Keep the soil moist by misting the pots using a spray bottle. Don’t use a watering can can easily wash away the tiny seed.
After germination and true leaves have developed, thin until there are just 1-2 plants.
Keep moist after germination, and let the seedling develop until it is several inches tall.
Transplant out to its final location.
Transplanting Established Plants
Since it has a taproot, moving Spotted Bee Balm can be tricky. Back in the 80’s, the University of Wisconsin did a study to see best methods for transplanting various prairie plants. They found that damaging, or pruning the roots of Monarda Punctata lowered the overall survival rate in most cases.
Spotted Bee Balm Reference Table
Spotted Bee Balm, Horsemint, Spotted Horsemint
Late Summer / Early Fall
White to Purple leaves, yellow/cream color center (corolla)
‘1-3” diameter whorled flowers
Whorled flowers along the upper portion of the stem, several flowers per stem
2-3’ (60-120 cm)
3’ spread (1 m)
Full Sun / Partial Shade
Dry to medium
None. Cut back in Spring after insects have emerged
This plant will do great as a single specimen, or several plants clustered together. The flowers are interesting enough where you don’t really need to have a mass of plants for it to look stunning. In our front flower beds, I have a single specimen, and it is about 2-3′ wide by 3′ tall, and looks great. It is constantly abuzz with bees, butterflies, and moths from Early August into October.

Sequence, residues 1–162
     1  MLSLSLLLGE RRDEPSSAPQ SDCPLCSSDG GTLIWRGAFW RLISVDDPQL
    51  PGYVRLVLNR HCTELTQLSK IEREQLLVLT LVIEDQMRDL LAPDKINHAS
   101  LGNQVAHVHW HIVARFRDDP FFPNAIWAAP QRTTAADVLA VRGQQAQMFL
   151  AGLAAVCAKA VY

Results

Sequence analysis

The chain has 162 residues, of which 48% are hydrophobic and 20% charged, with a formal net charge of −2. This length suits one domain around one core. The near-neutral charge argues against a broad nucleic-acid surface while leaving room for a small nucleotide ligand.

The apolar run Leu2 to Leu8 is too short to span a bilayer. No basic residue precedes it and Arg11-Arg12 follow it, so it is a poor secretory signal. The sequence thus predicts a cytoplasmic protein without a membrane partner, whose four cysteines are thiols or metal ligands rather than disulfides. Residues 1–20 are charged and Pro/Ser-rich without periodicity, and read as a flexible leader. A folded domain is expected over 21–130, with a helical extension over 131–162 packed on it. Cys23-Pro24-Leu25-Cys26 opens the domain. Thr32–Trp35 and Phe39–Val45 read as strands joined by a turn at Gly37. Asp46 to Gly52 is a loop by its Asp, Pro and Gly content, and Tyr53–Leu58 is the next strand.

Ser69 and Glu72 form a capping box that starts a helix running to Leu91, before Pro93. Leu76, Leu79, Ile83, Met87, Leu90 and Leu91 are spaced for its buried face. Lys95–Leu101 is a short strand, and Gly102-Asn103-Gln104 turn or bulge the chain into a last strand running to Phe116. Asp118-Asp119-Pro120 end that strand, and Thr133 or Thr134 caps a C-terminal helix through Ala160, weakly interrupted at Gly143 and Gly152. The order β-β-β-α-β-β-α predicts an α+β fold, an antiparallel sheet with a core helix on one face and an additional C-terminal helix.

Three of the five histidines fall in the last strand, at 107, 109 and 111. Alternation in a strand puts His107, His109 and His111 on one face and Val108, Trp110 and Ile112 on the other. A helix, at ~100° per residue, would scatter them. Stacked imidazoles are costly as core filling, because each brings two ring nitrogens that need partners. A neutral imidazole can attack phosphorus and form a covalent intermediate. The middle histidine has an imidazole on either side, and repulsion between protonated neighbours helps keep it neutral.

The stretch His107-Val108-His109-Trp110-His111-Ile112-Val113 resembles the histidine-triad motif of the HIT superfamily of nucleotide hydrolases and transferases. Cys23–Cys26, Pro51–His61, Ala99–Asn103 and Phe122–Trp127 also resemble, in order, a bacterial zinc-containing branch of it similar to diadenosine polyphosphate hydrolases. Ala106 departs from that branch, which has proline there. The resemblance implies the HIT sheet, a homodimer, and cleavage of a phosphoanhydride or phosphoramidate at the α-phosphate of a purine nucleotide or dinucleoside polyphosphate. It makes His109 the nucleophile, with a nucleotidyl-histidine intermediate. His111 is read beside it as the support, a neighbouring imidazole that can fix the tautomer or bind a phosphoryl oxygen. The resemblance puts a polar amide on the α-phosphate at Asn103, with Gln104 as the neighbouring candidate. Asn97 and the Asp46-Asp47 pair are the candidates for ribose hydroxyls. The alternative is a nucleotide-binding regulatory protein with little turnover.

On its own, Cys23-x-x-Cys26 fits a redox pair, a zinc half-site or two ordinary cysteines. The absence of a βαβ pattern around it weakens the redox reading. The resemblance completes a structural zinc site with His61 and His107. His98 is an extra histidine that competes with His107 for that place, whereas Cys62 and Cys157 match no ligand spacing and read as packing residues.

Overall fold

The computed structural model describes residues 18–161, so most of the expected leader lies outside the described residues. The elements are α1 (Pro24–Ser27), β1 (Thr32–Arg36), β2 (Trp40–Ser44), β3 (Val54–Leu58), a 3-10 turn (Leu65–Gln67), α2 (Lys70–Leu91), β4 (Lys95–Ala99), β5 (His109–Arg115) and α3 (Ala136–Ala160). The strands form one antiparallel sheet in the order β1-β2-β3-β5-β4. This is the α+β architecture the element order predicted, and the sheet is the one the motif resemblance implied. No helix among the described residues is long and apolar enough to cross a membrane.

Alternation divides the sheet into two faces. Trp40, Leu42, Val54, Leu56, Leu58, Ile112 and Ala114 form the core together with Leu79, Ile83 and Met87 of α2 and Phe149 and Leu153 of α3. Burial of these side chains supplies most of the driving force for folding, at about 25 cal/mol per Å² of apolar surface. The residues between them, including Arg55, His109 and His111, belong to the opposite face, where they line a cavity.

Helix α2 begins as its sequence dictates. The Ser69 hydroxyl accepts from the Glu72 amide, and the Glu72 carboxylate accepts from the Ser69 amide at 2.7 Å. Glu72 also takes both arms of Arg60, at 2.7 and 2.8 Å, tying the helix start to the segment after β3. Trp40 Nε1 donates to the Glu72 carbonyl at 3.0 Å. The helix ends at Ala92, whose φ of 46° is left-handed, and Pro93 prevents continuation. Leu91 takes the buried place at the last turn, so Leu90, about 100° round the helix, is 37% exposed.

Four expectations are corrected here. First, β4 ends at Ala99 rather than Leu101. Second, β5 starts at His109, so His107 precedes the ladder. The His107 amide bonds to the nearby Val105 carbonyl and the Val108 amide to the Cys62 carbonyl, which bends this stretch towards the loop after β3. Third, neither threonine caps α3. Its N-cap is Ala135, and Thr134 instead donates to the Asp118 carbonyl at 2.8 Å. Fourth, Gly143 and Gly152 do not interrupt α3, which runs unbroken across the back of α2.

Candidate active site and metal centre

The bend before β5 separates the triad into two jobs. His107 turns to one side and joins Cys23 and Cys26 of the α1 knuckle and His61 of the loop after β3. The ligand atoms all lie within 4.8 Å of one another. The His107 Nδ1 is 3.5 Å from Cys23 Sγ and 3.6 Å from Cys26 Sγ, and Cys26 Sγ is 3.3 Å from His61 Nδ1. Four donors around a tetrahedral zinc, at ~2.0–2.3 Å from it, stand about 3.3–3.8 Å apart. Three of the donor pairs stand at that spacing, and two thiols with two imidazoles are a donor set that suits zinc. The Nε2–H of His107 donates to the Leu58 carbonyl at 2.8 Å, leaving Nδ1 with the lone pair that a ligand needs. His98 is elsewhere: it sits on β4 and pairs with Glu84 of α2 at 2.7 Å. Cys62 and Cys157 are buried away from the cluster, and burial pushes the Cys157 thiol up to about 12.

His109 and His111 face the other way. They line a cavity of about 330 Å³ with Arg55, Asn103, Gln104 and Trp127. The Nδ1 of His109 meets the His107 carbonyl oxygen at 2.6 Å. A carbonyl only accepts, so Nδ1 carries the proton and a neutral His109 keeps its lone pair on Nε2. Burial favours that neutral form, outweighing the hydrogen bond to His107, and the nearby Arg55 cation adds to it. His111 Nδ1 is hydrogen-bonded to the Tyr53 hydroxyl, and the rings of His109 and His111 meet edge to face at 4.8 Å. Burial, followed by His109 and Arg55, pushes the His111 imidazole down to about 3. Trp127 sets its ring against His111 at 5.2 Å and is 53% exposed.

That being said, it would be a great choice for a backyard prairie, wildflower garden, or a border. Although if the soil is very fertile, it could succumb to competition from other plants that grow faster early in the Spring.
Spotted Beebalm can be used strategically to provide late season blooms. It can pair well with Echinacea, Black Eyed Susans, and Lanceleaf Coreopsis to help provide near-continuous color. I have mine growing near some Aromatic Aster, which provides very stunning and showy fall color. Additionally, I’ve begun planting this in our backyard micro prairie.
To see how to make your own backyard micro-prairie,click here.
Spotted Bee Balm is a late-season pollinator favorite. The bumble bees are almost always gathering pollen from it, and it is also visited by many small butterflies and moths. It is also a larval host for several species of moth.
Pests and diseases
This plant is generally disease free. As a native plant it has evolved to be resistant to most diseases that could affect it. Powdery mildew does affect other forms of bee balm, but in the drier environments that Spotted Bee Balm prefers it probably isn’t as common. I’ve never noticed it on my plants.
Spotted Bee Balm, like all bee balms are very resistant to rabbit and deer damage / browsing. The strong oregano-like odor that the leaves and stem emit are most likely not very tasty to a rabbit or deer.